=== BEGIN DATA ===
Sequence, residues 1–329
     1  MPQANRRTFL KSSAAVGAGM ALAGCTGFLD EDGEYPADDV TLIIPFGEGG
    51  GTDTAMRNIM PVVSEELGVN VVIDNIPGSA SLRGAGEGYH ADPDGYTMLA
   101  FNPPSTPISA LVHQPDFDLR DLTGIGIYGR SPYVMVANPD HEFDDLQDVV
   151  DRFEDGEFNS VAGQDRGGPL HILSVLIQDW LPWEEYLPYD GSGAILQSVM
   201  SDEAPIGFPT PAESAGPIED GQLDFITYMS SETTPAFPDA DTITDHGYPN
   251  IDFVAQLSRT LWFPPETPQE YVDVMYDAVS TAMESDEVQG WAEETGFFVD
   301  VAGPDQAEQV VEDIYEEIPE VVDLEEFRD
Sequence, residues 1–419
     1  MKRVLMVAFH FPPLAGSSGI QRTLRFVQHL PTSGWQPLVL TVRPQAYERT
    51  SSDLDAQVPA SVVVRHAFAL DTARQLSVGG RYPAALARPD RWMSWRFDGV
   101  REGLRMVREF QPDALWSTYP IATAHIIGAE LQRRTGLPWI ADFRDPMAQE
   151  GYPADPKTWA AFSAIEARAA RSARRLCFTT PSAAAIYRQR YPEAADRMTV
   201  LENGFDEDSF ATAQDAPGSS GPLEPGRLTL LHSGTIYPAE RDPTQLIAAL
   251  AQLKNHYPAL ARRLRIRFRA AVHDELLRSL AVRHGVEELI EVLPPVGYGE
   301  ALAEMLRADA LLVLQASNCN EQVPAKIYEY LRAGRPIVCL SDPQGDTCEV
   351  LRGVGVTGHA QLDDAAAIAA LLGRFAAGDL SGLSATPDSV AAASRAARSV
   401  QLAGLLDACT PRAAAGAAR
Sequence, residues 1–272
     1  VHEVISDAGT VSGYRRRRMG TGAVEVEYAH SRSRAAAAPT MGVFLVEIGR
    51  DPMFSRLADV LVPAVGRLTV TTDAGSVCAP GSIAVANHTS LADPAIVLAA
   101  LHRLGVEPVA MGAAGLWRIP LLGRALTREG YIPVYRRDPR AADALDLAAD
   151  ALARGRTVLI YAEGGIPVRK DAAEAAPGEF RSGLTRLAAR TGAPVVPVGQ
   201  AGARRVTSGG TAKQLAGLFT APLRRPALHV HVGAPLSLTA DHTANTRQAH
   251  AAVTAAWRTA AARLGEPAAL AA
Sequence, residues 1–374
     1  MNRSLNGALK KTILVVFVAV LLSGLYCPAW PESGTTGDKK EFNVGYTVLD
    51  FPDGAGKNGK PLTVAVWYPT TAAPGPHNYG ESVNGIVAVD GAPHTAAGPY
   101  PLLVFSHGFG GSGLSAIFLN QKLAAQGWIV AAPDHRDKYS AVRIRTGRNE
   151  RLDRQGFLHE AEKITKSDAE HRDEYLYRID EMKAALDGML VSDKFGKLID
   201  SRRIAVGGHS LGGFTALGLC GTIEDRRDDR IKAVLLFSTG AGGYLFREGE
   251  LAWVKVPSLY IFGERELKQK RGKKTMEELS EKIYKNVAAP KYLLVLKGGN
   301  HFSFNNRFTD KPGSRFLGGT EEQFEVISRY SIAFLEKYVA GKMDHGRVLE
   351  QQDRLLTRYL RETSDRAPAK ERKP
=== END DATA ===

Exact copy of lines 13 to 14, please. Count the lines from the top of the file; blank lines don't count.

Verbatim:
   151  GYPADPKTWA AFSAIEARAA RSARRLCFTT PSAAAIYRQR YPEAADRMTV
   201  LENGFDEDSF ATAQDAPGSS GPLEPGRLTL LHSGTIYPAE RDPTQLIAAL